Finally, measurements performed in November show both high broadband levels and lower peak-to-trough differences suggesting high wind speed and/or an upwind wind direction partially obscure the clearly identifiable wind turbine infrasonic signature. Historically, when the wind turbine sound is particularly bothersome, Mrs. Andersen has reportedly sought refuge in the dining room which is located in the back of the home. NCE understands that at times she has used this room as a second “bedroom”. NCE tested this room
and found a lower level of infrasound in the 4 to 7 Hertz range as shown in Figure 7. NCE does not have any explanation why this room has lower infrasound only at these frequencies, but her actions are consistent with these test results.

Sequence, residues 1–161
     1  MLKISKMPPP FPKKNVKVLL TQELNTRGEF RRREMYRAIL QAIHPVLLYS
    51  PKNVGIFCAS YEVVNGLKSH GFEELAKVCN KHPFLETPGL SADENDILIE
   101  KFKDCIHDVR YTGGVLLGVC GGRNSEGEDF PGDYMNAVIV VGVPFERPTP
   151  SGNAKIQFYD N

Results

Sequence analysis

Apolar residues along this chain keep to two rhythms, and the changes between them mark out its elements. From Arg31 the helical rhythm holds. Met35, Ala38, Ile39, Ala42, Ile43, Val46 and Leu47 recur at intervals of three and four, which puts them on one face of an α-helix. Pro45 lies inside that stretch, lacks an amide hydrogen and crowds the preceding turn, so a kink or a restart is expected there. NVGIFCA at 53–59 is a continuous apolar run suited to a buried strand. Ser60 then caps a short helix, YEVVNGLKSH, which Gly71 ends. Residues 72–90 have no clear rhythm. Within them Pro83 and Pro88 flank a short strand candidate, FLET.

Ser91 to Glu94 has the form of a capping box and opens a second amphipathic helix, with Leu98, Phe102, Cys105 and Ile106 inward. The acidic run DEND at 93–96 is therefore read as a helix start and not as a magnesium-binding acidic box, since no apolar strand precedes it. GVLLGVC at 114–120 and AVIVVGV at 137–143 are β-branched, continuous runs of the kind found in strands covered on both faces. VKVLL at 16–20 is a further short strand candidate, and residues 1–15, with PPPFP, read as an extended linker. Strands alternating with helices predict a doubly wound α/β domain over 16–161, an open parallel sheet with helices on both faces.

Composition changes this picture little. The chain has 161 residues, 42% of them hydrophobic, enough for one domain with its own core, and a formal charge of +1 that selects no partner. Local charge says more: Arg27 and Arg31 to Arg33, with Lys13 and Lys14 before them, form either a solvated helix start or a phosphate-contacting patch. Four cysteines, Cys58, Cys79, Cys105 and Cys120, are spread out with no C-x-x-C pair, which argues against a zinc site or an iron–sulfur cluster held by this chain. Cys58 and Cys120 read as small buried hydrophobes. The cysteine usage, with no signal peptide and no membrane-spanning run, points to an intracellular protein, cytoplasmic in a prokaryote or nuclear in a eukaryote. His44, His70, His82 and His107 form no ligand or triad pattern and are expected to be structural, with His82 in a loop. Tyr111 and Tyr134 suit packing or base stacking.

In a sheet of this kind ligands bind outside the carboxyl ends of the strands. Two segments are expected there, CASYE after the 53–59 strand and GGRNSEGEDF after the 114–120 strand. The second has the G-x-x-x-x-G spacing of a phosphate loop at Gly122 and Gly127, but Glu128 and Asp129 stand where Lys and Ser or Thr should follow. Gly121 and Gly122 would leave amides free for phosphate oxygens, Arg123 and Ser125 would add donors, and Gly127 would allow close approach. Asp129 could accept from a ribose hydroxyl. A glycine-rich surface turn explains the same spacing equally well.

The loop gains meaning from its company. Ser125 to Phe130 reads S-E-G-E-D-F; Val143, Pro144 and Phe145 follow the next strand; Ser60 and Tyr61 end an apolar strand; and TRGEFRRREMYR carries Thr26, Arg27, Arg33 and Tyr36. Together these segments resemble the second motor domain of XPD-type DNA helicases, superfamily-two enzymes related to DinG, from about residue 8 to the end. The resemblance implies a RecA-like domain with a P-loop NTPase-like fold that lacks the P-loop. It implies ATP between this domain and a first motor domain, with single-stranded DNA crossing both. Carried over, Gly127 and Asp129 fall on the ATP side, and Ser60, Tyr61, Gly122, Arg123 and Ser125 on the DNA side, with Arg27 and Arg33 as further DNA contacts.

The methods used herein allowed for the collection of infrasonic sound pressure levels within the inside of the Andersen residence. As shown in Figure 6, there is a readily identifiable acoustic signature that can be definitively attributable to Wind #1 and possibly Wind #2 located outside the Andersen home.

To NCE’s knowledge, this is the first time such measurements have been performed and reported with respect to the Falmouth wind turbines. However, this is not the first time such measurements have been performed, and other researchers have collected low frequency infrasonic acoustic signatures at other wind turbine sites in Wisconsin and Australia (references 11, 12). As reported in these other studies, the same blade passage rate infrasound and harmonic shown inside the Andersen home have been identified.